Citation(s) from the Gun Policy News media archive
Amnesty Nets Kalashnikov
22 April 2003
Amnesty nets Kalashnikov
A Kalashnikov assault rifle and two sawn-off shotguns have been handed in to Scotland's largest police force during the third week of a nationwide guns amnesty.
Strathclyde Police believe the AK47 rifle had been deactivated and could not be fired.
But they said it would have caused "a great deal of fear and alarm" if it had got into the wrong hands.
More than 4,000 rounds of ammunition and 147 other weapons were also surrendered in the last week.
The force's total haul so far is 313 guns.
Detective Superintendent Stephen Ward said he was relieved that the owner of the Kalashnikov rifle had decided to hand it in to a police station.
He said: "Although this weapon cannot be fired, it still resembles a real, live AK47.
"If this weapon got into the hands of criminals, it could cause a great deal of fear and alarm."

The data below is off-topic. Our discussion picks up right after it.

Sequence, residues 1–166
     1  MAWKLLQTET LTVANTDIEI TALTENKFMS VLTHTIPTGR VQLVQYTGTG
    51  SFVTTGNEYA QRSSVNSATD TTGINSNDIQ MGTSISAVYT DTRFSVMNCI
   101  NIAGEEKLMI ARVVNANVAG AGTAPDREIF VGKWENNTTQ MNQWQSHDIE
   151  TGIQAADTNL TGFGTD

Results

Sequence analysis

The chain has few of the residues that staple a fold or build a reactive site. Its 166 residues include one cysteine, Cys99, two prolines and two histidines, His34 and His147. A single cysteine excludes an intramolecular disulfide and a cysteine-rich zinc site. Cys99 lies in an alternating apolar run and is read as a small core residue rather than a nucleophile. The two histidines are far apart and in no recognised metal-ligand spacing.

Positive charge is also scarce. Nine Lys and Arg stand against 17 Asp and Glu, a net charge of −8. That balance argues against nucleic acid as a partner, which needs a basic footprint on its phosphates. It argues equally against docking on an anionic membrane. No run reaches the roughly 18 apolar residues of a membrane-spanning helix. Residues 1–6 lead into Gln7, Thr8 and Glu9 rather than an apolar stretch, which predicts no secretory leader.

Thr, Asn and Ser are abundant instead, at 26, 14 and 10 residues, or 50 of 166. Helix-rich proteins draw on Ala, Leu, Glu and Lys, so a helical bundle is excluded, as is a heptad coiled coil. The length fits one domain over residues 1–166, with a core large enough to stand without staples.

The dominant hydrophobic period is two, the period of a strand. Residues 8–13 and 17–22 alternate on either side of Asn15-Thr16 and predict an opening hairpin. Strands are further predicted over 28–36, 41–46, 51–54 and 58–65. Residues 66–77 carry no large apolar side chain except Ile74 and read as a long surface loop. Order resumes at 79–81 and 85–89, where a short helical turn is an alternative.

The two sawn-off shotguns handed in were in addition to one given up earlier in the amnesty.
Mr Ward said: "We were surprised but delighted when we recovered one sawn-off shotgun, now three have been handed in.
"A sawn-off shotgun exists for only one reason - to commit a crime.
"It is a particularly lethal weapon which can cause real harm. However, three have now been taken out of circulation and cannot contribute to any injury or loss of life."
Retired Red Army officer Mikhail Kalashnikov invented the AK47 at the end of World War II and despite numerous modifications it remains essentially the same.
It is simple to make and to use - making it easy to copy for dozens of arms manufacturers around the world.
A staggering 100 million AKs have been produced so far - enough to arm all the armies of the world.